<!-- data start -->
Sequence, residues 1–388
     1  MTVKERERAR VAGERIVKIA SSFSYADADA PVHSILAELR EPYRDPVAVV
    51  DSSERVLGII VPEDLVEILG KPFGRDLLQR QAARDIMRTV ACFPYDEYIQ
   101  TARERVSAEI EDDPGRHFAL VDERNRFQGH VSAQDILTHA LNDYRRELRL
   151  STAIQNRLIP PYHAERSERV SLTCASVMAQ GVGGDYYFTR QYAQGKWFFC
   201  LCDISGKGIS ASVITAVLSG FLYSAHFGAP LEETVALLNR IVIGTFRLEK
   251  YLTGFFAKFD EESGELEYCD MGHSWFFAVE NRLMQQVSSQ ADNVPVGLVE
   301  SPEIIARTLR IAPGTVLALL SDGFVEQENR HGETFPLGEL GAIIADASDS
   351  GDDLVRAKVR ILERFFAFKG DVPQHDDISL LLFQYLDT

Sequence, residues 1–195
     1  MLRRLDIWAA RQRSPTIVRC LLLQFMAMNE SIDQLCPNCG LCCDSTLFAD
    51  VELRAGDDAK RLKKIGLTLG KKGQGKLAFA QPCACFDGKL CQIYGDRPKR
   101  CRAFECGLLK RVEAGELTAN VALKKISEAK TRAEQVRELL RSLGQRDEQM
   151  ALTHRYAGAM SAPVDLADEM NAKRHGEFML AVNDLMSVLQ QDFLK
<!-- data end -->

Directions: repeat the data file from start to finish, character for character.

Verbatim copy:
Sequence, residues 1–388
     1  MTVKERERAR VAGERIVKIA SSFSYADADA PVHSILAELR EPYRDPVAVV
    51  DSSERVLGII VPEDLVEILG KPFGRDLLQR QAARDIMRTV ACFPYDEYIQ
   101  TARERVSAEI EDDPGRHFAL VDERNRFQGH VSAQDILTHA LNDYRRELRL
   151  STAIQNRLIP PYHAERSERV SLTCASVMAQ GVGGDYYFTR QYAQGKWFFC
   201  LCDISGKGIS ASVITAVLSG FLYSAHFGAP LEETVALLNR IVIGTFRLEK
   251  YLTGFFAKFD EESGELEYCD MGHSWFFAVE NRLMQQVSSQ ADNVPVGLVE
   301  SPEIIARTLR IAPGTVLALL SDGFVEQENR HGETFPLGEL GAIIADASDS
   351  GDDLVRAKVR ILERFFAFKG DVPQHDDISL LLFQYLDT

Sequence, residues 1–195
     1  MLRRLDIWAA RQRSPTIVRC LLLQFMAMNE SIDQLCPNCG LCCDSTLFAD
    51  VELRAGDDAK RLKKIGLTLG KKGQGKLAFA QPCACFDGKL CQIYGDRPKR
   101  CRAFECGLLK RVEAGELTAN VALKKISEAK TRAEQVRELL RSLGQRDEQM
   151  ALTHRYAGAM SAPVDLADEM NAKRHGEFML AVNDLMSVLQ QDFLK